I also now have an appropriate broom handle which I beleive is necessary should it happen again.

Steve
The new toy!
Thumbs UpThanks 0
FollowUp 1 of 2
FollowupID: 658941   Submitted: Friday, Nov 13, 2009 at 12:47

PradOz posted:

Good luck with repair. how much was his quote?

I would suggest you have 4 "broom handles' on board. Or better still get some 25 x 25mm angle and cut it to length so it runs from the van body sill up under the roof so the blocks where the uprights are mounted on the roof are. The angles will all sit inside each other for storage and will take the weight easily. I also have a small 40mm flat piece of steel welded on one side about half way along angle so it locks the angle onto the upright and it wont be bumped out or dislodged in any way. You can than take the weight off the winch setup when camped if you want to. 4 uprights are needed in case you have a problem in the system and you want to hold it all up. Also needed for some service type work if yo get keen after reading the book, like getting all 4 corners to lift up an equal height. check what you currently have, its probably lower at back (or front) or on one corner.

Before it goes in for service, open up inside behind the winch (remove ply cover panels) and check out the eye bolts and cables (Caution: dont run your hands along the cables in case they are sharp or splintered enough to slice your hand open) Check the eye bolts are not bent or forced open which would indicate a strain in the system somewhere which would have caused the result you now have. I am guessing either a cable was snagged up somewhere (pulley or something in a cupboard fallen into the cable area?) or a push rod/slug is blocked up with grease and dirt, (or maybe previous owner caused the problem by leaving a roof latch on when trying to wind up etc) - but i cant tell for sure from here on this side of the screen ;)) good luck with it....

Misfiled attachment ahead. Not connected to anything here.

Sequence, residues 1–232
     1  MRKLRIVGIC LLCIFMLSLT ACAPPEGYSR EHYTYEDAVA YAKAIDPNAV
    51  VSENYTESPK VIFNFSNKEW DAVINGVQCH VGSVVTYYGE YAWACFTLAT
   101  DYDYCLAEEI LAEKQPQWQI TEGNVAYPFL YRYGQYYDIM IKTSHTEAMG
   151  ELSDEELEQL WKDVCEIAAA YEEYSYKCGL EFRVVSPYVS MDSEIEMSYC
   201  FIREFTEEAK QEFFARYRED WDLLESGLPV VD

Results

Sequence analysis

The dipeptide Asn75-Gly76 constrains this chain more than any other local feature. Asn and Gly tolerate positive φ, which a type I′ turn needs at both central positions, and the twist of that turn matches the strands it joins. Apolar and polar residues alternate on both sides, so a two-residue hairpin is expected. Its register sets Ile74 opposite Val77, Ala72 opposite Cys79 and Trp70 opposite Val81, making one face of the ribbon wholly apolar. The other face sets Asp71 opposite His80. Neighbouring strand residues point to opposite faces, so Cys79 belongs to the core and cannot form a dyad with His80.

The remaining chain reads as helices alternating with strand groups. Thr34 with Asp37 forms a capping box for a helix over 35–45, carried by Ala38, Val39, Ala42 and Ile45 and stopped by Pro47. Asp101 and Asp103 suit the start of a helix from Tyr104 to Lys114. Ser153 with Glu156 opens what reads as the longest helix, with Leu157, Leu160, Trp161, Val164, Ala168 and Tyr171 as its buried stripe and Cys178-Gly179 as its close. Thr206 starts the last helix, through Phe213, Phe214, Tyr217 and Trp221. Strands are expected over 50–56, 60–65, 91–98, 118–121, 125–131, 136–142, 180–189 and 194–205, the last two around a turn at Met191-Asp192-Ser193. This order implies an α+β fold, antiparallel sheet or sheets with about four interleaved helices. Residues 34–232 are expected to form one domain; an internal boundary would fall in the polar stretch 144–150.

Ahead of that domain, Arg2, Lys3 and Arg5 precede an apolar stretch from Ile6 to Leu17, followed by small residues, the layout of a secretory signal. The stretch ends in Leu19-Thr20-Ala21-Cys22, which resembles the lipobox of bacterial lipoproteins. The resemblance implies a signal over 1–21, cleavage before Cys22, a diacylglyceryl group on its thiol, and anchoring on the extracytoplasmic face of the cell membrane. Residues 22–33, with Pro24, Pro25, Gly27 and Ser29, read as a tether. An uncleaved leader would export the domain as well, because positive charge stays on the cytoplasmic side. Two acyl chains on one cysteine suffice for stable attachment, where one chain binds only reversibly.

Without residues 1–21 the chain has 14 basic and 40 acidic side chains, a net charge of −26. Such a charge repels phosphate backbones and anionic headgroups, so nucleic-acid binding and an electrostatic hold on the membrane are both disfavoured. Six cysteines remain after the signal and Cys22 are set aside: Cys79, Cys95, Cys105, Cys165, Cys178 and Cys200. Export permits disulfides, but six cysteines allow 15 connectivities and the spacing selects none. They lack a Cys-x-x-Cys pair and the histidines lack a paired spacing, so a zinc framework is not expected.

Thumbs UpThanks 0
FollowUp 2 of 2
AnswerID: 391130   Submitted: Friday, Nov 13, 2009 at 15:13

Pete Jackman (SA) replied:

Make sure you hang around to see how it all works then next time you can have a shot at fixing it yourself.

I had to do a field repair on our Jayco Dove once when we were putting it up at a camp site and one corner didn't move. The two lock nuts on the eye that connected the lift cables to the winch swash plate had fallen off so one of the lift cables wasn't working. They are simple system but access to the parts can be an issue. Also on the older campers the winch is just bolted through the plywood floor - we added a backing plate welded to the chassis rail to strengthen that after two bolts had pulled through the floor.

The manual is a good buy from here

Diagram with roof halfway up:
Image Could Not Be Found

Basically each corner is pushed up the coiled blue "spring" inside the red lift tubes. "Spring" is a misnomer as it is just a coil in compression to provide the flexibility. Near the base of the camper wall the spring comes out of the wall in a curved guide then runs into the green square tube which has a sliding plug (purple) connected to the lift wire. The lift wires all run back to plate which has a single wire to the winch.

When you wind on the winch each wire pulls the slug through the green tube which pushes the coil up the curved guide into the lift tubes.

Regards

Pete
Any mug can be uncomfortable out bush
Thumbs UpThanks 0
Reply 4 of 4
EOTopo - revised & updated roads/tracks Sponsor Message
New Australian topographic map for whole of Australia at 200K. Contains nearly 5000 updated roads/highways representing a significant improvement over the old NATMAP Topo250K data. Suits most devices.
www.ExplorOz.com/EOTopo